I too have worked with the elderly. I was a home health care aid, I would to go to their homes and help them with everyday chores and needs, but mostly what they needed was companionship. I feel it is terrible the way that our societies treat our elderly. What happened to respecting our elders, or looking up to the eldest in society for advice. It is evident the effect our attitudes are having on the elderly population when looking at suicide rates. Currently the highest suicide rates are males over 65. Some theories believe they dont want to be a burden to their families anymore, but I feel this should thought wouldn't cross their minds if they were respected more as a whole.

American Association of Suicidology. (2009). Elderly Suicide Fact Sheet [Data file]. http://www.suicidology.org

I find your blog’s subject very interesting and thoughtful as it deals with a serious issue. Ageism refers to prejudice, discrimination, and hostility directed against people because of their age (Henslin, 2006). Ageism is similar to racism and sexism as involves negative and unfair stereotypes of people based solely on their chronological age. As one form of discrimination and prejudice it could negatively affect the particular group of people and lead to stereotype threat. Some of these stereotype views could depict for instance that an old person is week, dependant and suffering from several illnesses. However today with the advantage in technology and science, particularly in the medical field, people live longer than before and are able to maintain a better quality of life. As you pointed out a large percentage of people between the ages of 60-64 are employed and only 5.4% of the aged population is dependant and placed in nursing home. Therefore the stereotype ideas about the older population do not seem to represent what is actually happening in reality. From my personal experience I know several people who retired from their jobs at age 60 or 65 and went on to find a new job. I know others who decided to go back to school or start doing other things such as mastering a creative hobby that they were not able to do when they were younger due to time and other life obligations.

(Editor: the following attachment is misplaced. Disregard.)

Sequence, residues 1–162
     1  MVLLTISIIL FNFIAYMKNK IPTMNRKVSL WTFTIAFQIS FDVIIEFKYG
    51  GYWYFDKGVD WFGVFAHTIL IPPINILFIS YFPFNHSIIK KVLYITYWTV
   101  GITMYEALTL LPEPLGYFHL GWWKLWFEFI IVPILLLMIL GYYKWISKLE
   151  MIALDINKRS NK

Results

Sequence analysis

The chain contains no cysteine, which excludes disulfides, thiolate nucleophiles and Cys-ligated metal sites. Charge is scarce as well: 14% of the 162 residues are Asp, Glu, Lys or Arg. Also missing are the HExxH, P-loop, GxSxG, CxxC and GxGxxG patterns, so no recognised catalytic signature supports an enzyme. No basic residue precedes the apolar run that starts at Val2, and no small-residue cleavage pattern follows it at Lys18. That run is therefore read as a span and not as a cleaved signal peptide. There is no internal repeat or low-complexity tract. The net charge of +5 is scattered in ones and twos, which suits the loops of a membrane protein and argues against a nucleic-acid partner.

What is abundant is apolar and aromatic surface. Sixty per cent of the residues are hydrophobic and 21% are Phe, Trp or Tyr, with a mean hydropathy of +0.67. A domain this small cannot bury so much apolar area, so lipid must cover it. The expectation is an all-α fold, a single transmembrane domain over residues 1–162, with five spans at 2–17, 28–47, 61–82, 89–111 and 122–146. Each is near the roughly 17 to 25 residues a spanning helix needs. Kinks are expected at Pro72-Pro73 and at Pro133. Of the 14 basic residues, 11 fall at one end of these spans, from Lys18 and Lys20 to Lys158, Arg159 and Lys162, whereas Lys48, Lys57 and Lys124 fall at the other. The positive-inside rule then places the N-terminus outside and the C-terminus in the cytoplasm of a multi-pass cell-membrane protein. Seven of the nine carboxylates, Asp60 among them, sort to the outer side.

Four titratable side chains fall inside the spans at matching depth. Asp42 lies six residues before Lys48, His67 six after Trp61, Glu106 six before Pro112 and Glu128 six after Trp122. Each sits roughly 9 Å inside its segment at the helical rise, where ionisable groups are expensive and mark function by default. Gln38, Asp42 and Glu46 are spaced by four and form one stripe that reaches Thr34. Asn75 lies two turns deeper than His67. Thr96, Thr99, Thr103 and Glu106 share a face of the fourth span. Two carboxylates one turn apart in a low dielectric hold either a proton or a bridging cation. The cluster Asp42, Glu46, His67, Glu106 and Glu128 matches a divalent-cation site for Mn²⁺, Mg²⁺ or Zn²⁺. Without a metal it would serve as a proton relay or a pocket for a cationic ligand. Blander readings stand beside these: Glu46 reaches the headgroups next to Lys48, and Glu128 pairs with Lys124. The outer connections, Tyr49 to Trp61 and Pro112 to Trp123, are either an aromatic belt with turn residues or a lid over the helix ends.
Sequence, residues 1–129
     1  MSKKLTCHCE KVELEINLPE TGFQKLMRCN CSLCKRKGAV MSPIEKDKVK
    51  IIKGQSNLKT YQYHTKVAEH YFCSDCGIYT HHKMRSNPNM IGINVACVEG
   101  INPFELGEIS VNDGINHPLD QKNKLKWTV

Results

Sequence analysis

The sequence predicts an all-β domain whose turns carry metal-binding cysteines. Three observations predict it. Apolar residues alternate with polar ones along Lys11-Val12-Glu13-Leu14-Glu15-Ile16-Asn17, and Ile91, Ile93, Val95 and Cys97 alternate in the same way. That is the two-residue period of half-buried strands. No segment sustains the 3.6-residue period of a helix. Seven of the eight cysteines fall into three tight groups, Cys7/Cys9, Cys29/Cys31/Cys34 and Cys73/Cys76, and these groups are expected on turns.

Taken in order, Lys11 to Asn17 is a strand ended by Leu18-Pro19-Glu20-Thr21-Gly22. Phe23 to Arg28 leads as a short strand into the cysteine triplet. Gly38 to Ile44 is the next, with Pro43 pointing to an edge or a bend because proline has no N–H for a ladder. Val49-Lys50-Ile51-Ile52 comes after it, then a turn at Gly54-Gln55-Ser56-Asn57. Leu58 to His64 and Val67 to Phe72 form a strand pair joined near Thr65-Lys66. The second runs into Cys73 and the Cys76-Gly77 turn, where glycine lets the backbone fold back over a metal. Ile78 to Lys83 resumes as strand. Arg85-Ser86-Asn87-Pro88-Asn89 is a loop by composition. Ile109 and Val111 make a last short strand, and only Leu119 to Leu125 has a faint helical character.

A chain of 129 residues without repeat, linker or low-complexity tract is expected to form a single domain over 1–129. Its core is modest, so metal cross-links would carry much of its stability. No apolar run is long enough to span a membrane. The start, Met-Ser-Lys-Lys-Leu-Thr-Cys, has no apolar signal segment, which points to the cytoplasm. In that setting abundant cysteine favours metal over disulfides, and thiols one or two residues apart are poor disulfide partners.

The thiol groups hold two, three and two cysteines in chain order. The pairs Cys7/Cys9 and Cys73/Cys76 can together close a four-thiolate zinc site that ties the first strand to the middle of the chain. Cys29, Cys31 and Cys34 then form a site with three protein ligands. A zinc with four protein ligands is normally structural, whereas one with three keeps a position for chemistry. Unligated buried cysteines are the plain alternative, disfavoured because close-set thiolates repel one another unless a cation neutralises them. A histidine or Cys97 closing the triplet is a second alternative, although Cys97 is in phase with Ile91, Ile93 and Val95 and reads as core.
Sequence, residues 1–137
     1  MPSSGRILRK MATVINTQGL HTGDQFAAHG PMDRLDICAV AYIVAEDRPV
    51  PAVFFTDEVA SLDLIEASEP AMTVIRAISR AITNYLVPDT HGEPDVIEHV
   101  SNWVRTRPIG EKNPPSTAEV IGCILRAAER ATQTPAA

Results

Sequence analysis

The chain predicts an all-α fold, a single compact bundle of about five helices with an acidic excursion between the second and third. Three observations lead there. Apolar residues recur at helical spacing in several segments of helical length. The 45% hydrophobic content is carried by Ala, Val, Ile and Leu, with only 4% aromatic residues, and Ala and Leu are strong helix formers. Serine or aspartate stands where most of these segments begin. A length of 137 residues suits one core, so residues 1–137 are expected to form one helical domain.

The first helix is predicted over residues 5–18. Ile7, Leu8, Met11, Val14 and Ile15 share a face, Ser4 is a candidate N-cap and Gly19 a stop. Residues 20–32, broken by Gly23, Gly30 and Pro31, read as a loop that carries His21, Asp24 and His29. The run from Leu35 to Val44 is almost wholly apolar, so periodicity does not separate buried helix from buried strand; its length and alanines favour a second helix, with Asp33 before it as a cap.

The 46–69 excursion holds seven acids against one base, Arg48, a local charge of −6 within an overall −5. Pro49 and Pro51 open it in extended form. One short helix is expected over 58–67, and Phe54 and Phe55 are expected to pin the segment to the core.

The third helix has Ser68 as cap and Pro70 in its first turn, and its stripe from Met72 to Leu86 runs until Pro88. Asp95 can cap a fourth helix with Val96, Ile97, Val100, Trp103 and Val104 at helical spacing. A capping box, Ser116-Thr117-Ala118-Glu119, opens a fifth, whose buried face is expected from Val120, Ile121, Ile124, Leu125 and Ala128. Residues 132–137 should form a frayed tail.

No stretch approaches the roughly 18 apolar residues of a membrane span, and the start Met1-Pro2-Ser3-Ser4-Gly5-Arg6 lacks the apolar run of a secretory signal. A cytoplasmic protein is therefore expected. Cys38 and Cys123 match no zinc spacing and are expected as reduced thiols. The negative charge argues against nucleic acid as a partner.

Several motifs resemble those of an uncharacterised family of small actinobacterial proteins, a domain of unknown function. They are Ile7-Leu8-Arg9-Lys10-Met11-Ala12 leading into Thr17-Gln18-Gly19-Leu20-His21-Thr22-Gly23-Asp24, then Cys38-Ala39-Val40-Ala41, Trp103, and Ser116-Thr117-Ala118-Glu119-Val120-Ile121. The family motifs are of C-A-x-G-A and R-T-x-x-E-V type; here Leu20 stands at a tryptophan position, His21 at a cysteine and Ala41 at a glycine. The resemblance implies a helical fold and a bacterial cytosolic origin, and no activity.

I believe cultural influences also affect the way a society views the elderly population. For instance in some Asian cultures older people are respected and due to their life experience are considered wise. Additionally depending on the structure of the society one can distinguish different views and perspectives about older people.

References:

Henslin, J. M. (2006).Essentials of Sociology: A down-to-earth approach (6th e.d.). Boston: Pearson/Allyn and Bacon.